With this argument, Kiefer is overlooking a few essential points about the cortisol.  Cortisol is a stress hormone that’s released when the body needs energy.  It does trigger the breakdown of fat stores, but it also stimulates the breakdown of muscle to be used as energy.  Eating carbohydrates prevents muscle breakdown because the body uses those carbohydrates for energy first.  Kiefer also implies that muscle protein breakdown doesn’t happen unless cortisol is “constantly elevated like during chronic stress,”1 however, this is untrue.  Cortisol acts on all cells, and doesn’t distinguish between fat and muscle when converting stored fuel into usable energy.  Additionally, to ensure that there is plenty of fuel in the bloodstream cortisol actually increases your appetite, which would make it much more difficult to avoid eating during the first half of the day.3,4

Kiefer’s final major argument is that you should do resistance training at night because resistance training makes your muscle cells able to absorb carbohydrates without needing insulin.  Since your other cells are least insulin sensitive at night, waiting to eat carbohydrates until after a resistance workout would ensure that those carbohydrates are stored only in muscle.  While he does include protein-rich foods in the post-workout meal, he only highlights the importance of eating carbohydrates to replenish muscle glycogen stores to prepare for the next workout. Training earlier in the day wouldn’t have the same impact, because your cells would be more sensitive to insulin and you would end up storing carbohydrates in both your muscle and fat.1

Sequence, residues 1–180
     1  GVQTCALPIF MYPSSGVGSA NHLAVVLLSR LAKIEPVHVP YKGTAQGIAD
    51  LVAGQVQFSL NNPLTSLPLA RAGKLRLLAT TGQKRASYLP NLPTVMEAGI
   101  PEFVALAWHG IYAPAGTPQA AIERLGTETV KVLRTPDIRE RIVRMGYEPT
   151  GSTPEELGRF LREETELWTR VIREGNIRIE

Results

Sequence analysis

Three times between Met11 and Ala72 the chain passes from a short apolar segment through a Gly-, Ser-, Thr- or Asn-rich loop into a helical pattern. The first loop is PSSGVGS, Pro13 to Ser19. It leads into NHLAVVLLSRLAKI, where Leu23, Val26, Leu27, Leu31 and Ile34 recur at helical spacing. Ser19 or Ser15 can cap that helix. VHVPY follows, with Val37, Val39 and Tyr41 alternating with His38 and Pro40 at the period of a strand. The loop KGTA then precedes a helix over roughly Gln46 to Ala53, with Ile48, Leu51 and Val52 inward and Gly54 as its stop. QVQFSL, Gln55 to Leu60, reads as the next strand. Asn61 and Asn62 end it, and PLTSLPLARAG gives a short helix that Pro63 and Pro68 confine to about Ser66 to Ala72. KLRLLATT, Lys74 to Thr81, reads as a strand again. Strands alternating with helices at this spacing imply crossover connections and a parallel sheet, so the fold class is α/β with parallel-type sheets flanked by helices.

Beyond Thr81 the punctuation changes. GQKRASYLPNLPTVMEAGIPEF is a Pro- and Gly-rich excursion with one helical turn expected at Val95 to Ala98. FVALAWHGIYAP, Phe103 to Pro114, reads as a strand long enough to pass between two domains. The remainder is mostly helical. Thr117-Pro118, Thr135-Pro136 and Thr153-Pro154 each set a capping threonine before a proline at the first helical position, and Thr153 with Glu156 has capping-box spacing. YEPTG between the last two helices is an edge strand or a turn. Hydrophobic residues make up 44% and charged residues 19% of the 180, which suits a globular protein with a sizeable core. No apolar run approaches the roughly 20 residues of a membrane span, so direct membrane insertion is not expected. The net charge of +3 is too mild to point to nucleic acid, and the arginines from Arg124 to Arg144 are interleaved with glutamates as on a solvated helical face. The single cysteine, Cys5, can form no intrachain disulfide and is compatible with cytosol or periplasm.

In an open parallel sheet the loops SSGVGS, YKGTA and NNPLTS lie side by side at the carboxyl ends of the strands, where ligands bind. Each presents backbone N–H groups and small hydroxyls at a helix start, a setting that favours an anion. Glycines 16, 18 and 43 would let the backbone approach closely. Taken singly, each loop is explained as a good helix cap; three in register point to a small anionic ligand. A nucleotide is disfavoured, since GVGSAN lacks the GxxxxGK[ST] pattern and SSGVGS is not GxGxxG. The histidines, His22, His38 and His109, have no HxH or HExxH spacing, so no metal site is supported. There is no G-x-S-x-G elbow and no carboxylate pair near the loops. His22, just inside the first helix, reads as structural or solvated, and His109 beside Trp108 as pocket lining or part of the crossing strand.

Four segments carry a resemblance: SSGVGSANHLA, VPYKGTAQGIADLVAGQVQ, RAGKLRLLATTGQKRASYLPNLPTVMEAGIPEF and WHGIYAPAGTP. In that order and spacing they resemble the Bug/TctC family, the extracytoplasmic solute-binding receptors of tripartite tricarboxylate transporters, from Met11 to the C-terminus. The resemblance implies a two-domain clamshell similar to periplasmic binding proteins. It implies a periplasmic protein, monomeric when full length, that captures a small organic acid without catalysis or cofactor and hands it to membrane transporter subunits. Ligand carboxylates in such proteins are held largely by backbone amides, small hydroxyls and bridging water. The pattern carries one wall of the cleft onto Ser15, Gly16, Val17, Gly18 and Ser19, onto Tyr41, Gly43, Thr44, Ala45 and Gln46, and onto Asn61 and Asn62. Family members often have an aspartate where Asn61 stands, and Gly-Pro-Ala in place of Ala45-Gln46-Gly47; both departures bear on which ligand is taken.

In addition to the factual inaccuracies scattered throughout Kiefer’s argument, the entire theory of carbohydrate back-loading goes against most nutritional biochemistry knowledge.  To begin with, once the body has reached its capacity for carbohydrate storage in the muscles, liver, and kidneys, any additional carbohydrates eaten will be stored as fat no matter when those carbohydrates are eaten, or if they are high or low glycemic index foods.  This means that even after a tough resistance workout, people still need to be conscious of the amount of calories they take in to prevent those calories to be stored as fat.  Furthermore, insulin will still be released when you eat carbohydrate-rich foods after a workout.  It’s possible that your muscle cells would take in more of the carbohydrates than your fat cells at this time, but there is no way to simply “turn off” the storage of carbohydrates in fat.

At the same time, there are many studies that directly oppose the idea that you should eat all of your carbohydrates at night.  One study in particular showed that dietary-induced thermogenesis, or the number of calories burned by digesting food, was higher when the majority of food was eaten in the first half of the day, and people eating larger morning meals lost almost twice as much weight during the course of the study than those who ate larger evening meals.5 Another study suggests that people who eat a high-carbohydrate breakfast every day are more likely to maintain weight loss and less likely to experience food cravings throughout the day.6

Throughout the book Kiefer takes an aggressive tone that seems to imply that anyone who questions his plan simply doesn’t have enough discipline.  He tells condescending stories about people who have “incorrectly” followed his carbohydrate back-loading plan, belittling the efforts that they did make without offering any suggestions for how they could make the plan effective for their lifestyles.  It’s well known that the mindset of being either “on” or “off” of a diet actually has worse health outcomes than creating sustainable lifestyle changes that fit within a person’s preferences.  The type of dichotomous thinking that Kiefer encourages ultimately leads to more weight gain, less enjoyment of food and eating, and can even trigger an eating disorder in someone who is predisposed to developing one.7